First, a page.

Are we heading to a day of reckoning, where the forces of cyber crime overwhelm and erase the good things that information technology delivers? If we head down our current path of incremental, individualized approaches to cyber security, the answer is “Yes.” But I’m enough of an optimist to think that if the IT and security geeks and wonks of the world can unite, share information, work hard, and not worry about who gets the credit, we stand a fighting chance. Read More »
Dan Goodin, editor at Ars Technica, has been tracking and compiling info on an elusive series of website compromises that could be impacting tens of thousands of otherwise perfectly legitimate sites. While various researchers have reported various segments of the attacks, until Dan’s article, no one had connected the dots and linked them all together.
Dubbed “Darkleech,” thousands of Web servers across the globe running Apache 2.2.2 and above are infected with an SSHD backdoor that allows remote attackers to upload and configure malicious Apache modules. These modules are then used to turn hosted sites into attack sites, dynamically injecting iframes in real-time, only at the moment of visit.
Because the iframes are dynamically injected only when the pages are accessed, this makes discovery and remediation particularly difficult. Further, the attackers employ a sophisticated array of conditional criteria to avoid detection:
- Checking IP addresses and blacklisting security researchers, site owners, and the compromised hosting providers;
- Checking User Agents to target specific operating systems (to date, Windows systems);
- Blacklisting search engine spiders;
- Checking cookies to “wait list” recent visitors;
- Checking referrer URLs to ensure visitor is coming in via valid search engine results. Read More »
“A security advisory was just published! Should I hurry and upgrade all my Cisco devices now?”
This is a question that I am being asked by customers on a regular basis. In fact, I am also asked why there are so many security vulnerability advisories. To start with the second question: Cisco is committed to protecting customers by sharing critical security-related information in a very transparent way. Even if security vulnerabilities are found internally, the Cisco Product Security Incident Response Team (PSIRT) – which is my team – investigates, drives to resolution, and discloses such vulnerabilities. To quickly answer the first question, don’t panic, as you may not have to immediately upgrade your device. However, in this article I will discuss some of the guidelines and best practices for responding to Cisco security vulnerability reports.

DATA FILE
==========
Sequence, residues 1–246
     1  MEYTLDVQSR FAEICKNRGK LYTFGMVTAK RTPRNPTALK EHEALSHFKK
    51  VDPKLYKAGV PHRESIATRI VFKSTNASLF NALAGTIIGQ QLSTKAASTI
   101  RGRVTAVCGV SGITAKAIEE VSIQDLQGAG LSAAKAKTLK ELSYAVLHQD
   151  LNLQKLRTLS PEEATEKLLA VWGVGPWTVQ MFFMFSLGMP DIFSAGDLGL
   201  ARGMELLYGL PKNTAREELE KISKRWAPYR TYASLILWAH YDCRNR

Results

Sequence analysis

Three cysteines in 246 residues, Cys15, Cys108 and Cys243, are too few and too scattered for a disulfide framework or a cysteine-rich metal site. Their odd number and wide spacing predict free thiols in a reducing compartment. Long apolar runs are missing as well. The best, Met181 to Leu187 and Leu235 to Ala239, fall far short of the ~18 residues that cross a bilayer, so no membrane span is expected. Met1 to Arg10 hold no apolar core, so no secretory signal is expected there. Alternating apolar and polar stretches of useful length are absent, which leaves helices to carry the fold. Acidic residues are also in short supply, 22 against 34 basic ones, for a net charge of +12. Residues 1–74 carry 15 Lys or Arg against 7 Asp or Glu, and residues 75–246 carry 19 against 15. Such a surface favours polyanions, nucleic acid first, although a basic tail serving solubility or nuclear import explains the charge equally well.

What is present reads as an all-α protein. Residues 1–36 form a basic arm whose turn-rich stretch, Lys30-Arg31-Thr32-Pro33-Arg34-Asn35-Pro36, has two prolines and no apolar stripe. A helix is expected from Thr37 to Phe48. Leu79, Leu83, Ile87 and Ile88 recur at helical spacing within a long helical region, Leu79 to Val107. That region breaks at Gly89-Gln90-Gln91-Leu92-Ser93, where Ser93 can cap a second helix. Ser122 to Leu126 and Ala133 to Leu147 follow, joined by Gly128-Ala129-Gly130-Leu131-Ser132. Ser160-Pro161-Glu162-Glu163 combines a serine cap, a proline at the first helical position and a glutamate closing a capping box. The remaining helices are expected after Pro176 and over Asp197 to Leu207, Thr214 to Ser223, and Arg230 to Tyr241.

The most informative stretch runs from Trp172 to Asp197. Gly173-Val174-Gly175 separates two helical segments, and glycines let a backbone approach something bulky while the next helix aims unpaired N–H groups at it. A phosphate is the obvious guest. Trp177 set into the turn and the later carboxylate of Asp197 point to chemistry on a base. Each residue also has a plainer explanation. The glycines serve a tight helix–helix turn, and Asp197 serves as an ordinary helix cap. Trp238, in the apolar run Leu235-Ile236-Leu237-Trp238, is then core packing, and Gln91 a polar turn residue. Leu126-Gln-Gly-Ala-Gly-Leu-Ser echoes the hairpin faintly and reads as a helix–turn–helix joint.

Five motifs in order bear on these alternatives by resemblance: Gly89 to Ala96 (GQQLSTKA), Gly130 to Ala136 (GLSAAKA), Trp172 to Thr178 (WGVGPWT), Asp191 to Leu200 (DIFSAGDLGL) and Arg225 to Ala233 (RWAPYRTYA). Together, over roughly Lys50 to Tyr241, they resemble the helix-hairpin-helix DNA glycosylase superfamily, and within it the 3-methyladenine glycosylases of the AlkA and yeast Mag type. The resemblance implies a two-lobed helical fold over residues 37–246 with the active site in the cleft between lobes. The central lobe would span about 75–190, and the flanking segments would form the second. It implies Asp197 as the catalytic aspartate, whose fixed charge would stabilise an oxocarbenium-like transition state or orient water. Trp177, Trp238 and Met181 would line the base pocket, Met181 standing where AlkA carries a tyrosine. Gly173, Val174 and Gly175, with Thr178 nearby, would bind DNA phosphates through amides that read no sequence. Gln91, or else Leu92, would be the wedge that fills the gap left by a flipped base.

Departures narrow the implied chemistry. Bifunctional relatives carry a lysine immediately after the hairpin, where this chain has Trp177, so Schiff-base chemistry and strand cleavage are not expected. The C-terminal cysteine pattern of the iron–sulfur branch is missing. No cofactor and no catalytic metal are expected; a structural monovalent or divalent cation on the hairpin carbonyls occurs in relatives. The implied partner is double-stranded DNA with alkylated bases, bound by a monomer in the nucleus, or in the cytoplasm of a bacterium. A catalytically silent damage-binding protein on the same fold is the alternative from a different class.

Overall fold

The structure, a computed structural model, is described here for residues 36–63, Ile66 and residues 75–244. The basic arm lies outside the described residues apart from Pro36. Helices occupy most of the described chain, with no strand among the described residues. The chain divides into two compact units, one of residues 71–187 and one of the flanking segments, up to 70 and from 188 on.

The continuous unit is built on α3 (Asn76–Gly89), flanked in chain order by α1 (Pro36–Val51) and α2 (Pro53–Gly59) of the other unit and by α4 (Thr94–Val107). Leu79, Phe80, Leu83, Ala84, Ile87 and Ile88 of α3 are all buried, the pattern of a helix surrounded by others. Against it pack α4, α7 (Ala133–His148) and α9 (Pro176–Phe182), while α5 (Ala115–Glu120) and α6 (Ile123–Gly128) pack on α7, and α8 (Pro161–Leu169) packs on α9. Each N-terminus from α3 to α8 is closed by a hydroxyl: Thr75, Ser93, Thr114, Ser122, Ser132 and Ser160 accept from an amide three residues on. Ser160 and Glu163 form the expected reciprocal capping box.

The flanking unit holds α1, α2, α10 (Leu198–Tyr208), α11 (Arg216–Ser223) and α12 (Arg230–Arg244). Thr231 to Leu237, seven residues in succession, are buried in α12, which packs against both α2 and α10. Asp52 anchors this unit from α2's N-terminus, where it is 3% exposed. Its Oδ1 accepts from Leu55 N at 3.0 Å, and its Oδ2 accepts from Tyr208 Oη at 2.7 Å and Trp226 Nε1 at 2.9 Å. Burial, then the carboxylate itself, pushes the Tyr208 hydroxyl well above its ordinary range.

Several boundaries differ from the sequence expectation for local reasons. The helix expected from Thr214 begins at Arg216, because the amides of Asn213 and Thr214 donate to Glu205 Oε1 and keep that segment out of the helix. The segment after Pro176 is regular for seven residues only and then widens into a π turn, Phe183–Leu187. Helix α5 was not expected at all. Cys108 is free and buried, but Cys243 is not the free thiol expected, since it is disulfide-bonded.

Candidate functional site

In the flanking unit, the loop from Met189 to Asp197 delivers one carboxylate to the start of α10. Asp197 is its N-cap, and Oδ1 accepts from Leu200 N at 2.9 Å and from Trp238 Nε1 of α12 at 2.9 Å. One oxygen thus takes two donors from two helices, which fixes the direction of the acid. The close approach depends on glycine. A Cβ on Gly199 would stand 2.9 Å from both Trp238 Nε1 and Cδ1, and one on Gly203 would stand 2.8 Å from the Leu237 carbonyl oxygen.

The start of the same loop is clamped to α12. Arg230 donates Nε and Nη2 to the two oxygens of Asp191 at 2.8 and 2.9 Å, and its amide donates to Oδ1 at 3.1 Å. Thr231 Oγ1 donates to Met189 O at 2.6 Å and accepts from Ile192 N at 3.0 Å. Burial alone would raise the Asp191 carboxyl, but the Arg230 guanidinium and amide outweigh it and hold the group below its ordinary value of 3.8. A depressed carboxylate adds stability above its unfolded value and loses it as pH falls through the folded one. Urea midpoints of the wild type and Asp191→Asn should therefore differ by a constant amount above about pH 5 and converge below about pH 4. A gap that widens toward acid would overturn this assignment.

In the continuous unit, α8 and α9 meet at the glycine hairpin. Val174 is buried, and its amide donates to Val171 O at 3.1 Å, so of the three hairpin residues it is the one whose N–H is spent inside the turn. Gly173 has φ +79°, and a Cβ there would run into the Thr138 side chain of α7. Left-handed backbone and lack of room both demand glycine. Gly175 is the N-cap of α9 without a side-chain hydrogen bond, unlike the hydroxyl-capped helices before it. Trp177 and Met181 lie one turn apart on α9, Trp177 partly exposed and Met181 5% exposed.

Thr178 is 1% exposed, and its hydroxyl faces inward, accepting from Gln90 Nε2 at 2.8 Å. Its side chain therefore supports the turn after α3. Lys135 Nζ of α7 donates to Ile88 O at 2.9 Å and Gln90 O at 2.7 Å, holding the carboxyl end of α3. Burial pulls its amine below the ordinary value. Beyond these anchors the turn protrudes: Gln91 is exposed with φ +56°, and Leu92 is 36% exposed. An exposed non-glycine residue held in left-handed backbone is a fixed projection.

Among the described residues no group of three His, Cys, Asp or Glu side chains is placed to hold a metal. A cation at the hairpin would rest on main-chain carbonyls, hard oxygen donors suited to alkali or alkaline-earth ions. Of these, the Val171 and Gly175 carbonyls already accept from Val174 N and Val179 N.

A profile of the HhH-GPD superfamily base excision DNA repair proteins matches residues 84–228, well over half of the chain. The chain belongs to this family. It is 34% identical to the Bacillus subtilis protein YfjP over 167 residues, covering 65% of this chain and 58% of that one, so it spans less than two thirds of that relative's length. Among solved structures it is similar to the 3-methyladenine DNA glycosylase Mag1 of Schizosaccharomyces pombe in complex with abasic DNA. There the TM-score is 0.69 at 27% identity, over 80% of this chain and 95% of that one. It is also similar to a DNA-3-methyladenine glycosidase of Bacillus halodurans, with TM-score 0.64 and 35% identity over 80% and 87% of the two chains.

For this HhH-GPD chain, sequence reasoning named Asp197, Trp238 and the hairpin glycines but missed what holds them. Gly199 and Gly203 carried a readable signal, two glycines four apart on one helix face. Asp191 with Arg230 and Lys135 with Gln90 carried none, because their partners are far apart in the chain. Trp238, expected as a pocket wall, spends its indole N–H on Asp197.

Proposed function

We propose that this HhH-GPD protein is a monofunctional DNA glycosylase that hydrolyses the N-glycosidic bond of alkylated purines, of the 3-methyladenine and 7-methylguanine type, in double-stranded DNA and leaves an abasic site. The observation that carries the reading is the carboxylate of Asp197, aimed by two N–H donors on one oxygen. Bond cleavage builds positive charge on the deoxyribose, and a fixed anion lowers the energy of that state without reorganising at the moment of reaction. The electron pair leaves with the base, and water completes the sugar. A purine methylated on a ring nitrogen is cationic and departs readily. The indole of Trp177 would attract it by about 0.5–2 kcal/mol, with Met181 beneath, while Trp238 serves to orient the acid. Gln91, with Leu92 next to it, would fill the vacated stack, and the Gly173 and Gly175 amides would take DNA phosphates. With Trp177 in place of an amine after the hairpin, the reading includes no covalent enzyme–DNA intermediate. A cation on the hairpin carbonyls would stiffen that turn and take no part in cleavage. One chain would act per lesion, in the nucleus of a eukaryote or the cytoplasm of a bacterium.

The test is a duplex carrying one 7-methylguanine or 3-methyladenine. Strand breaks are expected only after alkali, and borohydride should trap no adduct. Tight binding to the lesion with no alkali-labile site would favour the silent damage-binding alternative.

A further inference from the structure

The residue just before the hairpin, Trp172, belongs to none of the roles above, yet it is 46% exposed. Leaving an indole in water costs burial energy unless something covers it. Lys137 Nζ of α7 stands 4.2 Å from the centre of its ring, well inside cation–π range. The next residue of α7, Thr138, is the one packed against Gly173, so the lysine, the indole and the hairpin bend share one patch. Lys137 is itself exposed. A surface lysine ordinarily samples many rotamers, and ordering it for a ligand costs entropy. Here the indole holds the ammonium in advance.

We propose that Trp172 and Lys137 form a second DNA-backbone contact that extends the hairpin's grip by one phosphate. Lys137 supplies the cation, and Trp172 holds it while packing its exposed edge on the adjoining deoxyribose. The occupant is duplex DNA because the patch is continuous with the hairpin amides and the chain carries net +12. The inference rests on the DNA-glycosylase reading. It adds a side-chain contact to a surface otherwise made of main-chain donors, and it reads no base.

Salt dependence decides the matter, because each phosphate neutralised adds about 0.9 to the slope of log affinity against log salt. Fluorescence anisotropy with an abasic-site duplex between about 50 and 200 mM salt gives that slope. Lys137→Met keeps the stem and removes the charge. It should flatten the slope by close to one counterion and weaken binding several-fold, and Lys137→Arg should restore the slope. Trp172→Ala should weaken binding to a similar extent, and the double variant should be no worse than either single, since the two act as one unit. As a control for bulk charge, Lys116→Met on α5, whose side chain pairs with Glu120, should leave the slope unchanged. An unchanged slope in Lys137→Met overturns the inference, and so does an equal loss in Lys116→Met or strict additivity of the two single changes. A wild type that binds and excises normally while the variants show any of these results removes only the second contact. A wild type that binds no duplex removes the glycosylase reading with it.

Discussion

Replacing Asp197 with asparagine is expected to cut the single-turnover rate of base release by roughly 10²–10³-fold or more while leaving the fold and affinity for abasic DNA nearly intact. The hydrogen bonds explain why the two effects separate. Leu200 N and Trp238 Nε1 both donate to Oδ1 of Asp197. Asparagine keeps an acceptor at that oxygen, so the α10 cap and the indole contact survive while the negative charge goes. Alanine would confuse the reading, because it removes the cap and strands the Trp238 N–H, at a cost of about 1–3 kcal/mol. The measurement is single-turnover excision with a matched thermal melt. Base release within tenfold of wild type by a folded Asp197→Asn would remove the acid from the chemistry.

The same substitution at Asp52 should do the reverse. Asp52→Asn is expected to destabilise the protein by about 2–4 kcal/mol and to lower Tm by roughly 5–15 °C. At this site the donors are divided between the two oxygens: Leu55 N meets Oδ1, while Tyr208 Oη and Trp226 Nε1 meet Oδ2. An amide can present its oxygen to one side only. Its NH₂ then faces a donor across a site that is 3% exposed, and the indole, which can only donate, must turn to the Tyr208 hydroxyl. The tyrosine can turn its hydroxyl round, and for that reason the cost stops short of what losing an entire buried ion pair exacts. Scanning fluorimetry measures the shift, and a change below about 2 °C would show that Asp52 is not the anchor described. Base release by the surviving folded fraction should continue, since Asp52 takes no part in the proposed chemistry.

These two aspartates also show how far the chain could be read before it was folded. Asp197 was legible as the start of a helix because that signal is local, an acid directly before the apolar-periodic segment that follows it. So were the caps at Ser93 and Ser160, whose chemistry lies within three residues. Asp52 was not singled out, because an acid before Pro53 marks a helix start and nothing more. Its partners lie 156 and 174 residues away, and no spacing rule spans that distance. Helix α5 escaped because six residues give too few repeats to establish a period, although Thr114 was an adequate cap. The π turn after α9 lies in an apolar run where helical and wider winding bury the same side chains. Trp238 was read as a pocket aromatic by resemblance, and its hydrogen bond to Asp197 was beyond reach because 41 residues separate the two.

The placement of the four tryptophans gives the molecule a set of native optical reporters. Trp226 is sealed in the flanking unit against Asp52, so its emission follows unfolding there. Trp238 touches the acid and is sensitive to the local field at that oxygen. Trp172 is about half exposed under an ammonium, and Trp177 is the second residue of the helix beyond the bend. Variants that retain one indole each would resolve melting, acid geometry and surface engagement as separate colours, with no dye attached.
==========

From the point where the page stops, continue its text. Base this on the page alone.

Today, many encrypted networks use insecure cryptography. Attackers exploiting weak cryptography are nearly undetectable, and the data you think is secure is less safe every day. Legacy encryption technology can’t keep up with current advances in hacking and brute force computing power. Additionally, legacy solutions are increasingly inefficient as security levels rise, and perform poorly at high data rates. In order to stay ahead of this challenge, encryption needs to evolve.
With the industry’s drive toward personal and wearable devices, soon people will be walking around with smart glasses, watches, phones, and even shoes. Not to mention they’ll be driving networked cars.
In the future, the task of securing your personal network will become increasingly difficult, which creates a new frontier to the threat landscape, one that is certainly personal. How are people expected to secure all these devices in their everyday personal network? How will we be protected while walking around a crowded shopping mall, admiring koalas at the zoo, or boogieing down in a busy nightclub? Who will combat this emerging threat?